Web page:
It was the sweatiest of times, then it was the rainiest of times, then it was the coolest of times. And beyond the strange weather, Willie Nelson’s Fourth of July Picnic brought many memorable musical moments as well. Here’s a quick look back at some of them, plus a little news gathered along the way.
RELATED: Our full review of Willie’s Picnic 2018
1. Folk Uke has a new song. It’s called “Don’t Bite Beyonce.” The local duo that features Amy Nelson (Willie’s daughter) and Cathy Guthrie (Arlo’s daughter) is known for offbeat original material, so the tune that concluded their short early-afternoon set wasn’t entirely a surprise. It was pretty funny, though, a takeoff on recent tabloid news. Plus it’s the rare Folk Uke song that doesn’t have an unprintable word in it.
2. Ryan Bingham also has a new song. It’s called, presumably, “America,” and nothing else played all day or night at the Picnic resonated as deeply. The second verse: “America, unload that gun/ Save a daughter, save a son/ Bullets dressed them up in blood.” This was heavy stuff, but it might be the best song of social consience anyone has written in years. Bingham’s guitarist, Jesse Dayton, said they started playing it at shows just a few days ago.
3. Where’d David Allan Coe go? Scheduled to open the Picnic at 11:30 a.m., he was a no-show. A publicity firm representing the event had no details on the absence, and Coe’s Facebook and Twitter pages offered no explanations or clues. Coe has always been a little, shall we say, mercurial. And sadly, with the midafternoon rainout canceling the sets of Ray Wylie Hubbard and Billy Joe Shaver, might this have been the first Picnic without a three-named troubadour in, well, ever?
4. What to do when it rains? Most people went back to their cars. Reporters and photographers huddled in a couple of mostly empty but thankfully air-conditioned trailers, until a better opportunity arose. Willie’s longtime publicist, Elaine Schock, invited folks over to one of Willie’s buses — it said “John Denver” on the front, and apparently once belonged to the late country-pop star — for a sample of “Willie’s Remedy,” a new line of hemp-based coffee that Nelson is launching. Unlike Willie’s Reserve, his line of marijuana, it’s not a pot thing, though the brew may have mild health benefits. At any rate, the bus was pretty cool.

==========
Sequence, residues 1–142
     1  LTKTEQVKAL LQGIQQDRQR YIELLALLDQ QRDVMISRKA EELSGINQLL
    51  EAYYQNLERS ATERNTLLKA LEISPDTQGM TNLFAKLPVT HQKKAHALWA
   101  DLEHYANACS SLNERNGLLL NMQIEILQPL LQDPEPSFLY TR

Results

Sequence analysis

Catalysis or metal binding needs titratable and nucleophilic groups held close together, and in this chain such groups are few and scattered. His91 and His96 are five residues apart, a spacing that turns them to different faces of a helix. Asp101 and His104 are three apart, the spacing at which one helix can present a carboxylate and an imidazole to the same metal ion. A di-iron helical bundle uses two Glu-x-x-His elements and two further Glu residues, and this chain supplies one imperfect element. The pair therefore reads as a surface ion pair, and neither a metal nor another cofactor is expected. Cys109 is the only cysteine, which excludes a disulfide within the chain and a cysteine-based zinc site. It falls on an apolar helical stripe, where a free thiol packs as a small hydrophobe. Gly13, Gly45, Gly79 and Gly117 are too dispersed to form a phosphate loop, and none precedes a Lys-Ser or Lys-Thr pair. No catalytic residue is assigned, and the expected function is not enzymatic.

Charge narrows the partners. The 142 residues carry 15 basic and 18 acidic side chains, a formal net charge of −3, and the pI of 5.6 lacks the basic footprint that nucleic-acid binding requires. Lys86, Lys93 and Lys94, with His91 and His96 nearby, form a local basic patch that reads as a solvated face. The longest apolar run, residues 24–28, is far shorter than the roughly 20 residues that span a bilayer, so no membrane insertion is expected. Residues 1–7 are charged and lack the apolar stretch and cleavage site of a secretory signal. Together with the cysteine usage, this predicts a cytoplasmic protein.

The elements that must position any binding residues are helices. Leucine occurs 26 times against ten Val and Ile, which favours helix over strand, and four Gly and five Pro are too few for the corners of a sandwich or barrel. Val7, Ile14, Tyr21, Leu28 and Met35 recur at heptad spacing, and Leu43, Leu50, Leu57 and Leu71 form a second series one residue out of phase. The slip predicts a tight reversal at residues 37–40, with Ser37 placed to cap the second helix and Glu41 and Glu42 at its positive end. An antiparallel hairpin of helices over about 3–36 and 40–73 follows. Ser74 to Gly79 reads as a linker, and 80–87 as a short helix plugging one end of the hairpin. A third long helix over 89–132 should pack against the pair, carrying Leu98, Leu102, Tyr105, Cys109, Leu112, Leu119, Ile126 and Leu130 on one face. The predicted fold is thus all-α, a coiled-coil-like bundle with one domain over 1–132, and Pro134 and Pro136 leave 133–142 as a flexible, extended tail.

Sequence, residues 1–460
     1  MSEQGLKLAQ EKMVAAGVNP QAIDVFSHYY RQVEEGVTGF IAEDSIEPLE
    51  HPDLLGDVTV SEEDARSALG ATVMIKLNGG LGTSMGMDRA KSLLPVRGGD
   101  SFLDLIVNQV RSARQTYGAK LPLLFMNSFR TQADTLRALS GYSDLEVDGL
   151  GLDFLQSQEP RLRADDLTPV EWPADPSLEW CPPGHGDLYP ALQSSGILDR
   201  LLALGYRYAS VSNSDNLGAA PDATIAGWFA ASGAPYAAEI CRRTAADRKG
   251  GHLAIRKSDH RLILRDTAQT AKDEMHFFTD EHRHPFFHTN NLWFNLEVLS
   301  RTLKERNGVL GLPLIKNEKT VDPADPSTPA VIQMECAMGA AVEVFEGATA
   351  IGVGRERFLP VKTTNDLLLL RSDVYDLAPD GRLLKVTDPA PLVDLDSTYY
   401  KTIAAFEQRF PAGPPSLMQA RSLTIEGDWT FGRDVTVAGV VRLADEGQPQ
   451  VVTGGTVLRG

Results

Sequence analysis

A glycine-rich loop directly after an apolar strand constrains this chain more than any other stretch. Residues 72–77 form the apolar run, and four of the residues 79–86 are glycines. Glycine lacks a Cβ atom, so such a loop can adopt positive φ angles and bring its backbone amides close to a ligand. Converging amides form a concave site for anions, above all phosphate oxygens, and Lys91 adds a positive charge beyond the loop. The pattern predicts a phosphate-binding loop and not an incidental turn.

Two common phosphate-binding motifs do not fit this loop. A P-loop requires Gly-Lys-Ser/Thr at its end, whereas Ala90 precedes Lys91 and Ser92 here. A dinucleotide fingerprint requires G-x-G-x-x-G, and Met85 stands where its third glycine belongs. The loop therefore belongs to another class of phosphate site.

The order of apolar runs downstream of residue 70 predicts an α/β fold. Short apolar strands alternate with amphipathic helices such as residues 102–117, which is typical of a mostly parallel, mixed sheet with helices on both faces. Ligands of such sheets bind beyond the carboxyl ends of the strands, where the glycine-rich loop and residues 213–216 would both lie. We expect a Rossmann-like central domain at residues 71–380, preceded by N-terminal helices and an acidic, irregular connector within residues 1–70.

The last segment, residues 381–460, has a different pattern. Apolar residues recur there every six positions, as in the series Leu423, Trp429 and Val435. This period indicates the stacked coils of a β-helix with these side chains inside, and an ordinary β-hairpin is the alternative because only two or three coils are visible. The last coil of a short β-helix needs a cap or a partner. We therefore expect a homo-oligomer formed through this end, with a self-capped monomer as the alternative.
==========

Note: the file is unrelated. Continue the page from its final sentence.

5. Willie has a new record coming soon. Oh yeah, while we were on the bus, they also played us some of “My Way,” a Frank Sinatra-themed record Nelson recorded earlier this year and is now set to release on Sept. 14. Perhaps inspired by the success of “Summertime,” Willie’s 2016 album of Gershwin classics that won a Grammy, this one finds him exploring the jazzier side that has always been almost as vital as country to his identity.
6. Edie Brickell & New Bohemians also have a new record coming soon. Exactly when and through what channels it’ll be released remain in limbo, but the band hopes to get it out by the end of the year. Recorded over the past year or so at Austin’s Arlyn Studios, it’ll be their first release since 2006’s “Stranger Things.” Many members of the band, formed in Dallas in the 1980s, now live in Austin or the Hill Country. On Wednesday, they sounded terrific on old and new songs alike.
PHOTO GALLERY: Willie Nelson’s Fourth of July Picnic 2018
7. Food prices at COTA remain ridiculous. Here was my tweet about that yesterday early-afternoon (before the rains came):
Pokejo’s sausage wrap at their stores? $3.99. At their COTA stand? $11. Photo of absolutely no one standing in line? Priceless. pic.twitter.com/mwycTy5ovb
— Peter Blackstock (@Blackstock360) July 4, 2018
8. We miss the grass. When the Picnic moved to Circuit of the Americas in 2015, the first two years featured the Plaza Stage on a spacious grassy area just behind the Austin360 Amphitheater. Last year the Plaza Stage moved to a large patch of concrete near the entrance. There’s probably a reason. But, as someone commented on one of my social media posts from the Plaza Stage yesterday, “‘Picnics’ do not involve concrete.”
9. How cool was it? When the rains swept through, temperatures dropped by about 20 degrees. “Yesterday at this time it was 101,” an emcee said before Brickell took the stage just past 7 p.m. “Right now it’s 75.” Picnic meteorological records weren’t readily available, but this seemed potentially unprecedented, at least for the Picnics held in Texas. (That one-off in Washington state in 2007 probably hit a lower Fahrenheit mark.)
TIMELINE: The definitive history of Willie Nelson’s Picnic
10. Beto, Beto, Beto. Just past dark, the candidate for U.S. Senator suddenly was everywhere. Coming in from a late-afternoon speaking engagement at Hotel Vegas in East Austin, O’Rourke sat down with SiriusXM DJs for an interview that included a brief chat about his days playing punk rock in El Paso. Then he was out front for a short prelude to the fireworks. All that remained for the hat trick was to sing with Willie during the grand finale. He beat that, playing acoustic guitar too. You’ll find a little bit of that at the end of this full-day recap video: